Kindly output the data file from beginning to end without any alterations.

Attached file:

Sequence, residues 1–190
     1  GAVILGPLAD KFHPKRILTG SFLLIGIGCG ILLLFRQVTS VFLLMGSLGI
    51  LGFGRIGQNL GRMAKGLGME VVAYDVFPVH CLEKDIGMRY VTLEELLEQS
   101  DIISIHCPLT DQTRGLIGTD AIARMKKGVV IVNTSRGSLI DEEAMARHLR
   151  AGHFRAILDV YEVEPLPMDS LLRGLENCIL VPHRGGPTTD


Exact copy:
Sequence, residues 1–190
     1  GAVILGPLAD KFHPKRILTG SFLLIGIGCG ILLLFRQVTS VFLLMGSLGI
    51  LGFGRIGQNL GRMAKGLGME VVAYDVFPVH CLEKDIGMRY VTLEELLEQS
   101  DIISIHCPLT DQTRGLIGTD AIARMKKGVV IVNTSRGSLI DEEAMARHLR
   151  AGHFRAILDV YEVEPLPMDS LLRGLENCIL VPHRGGPTTD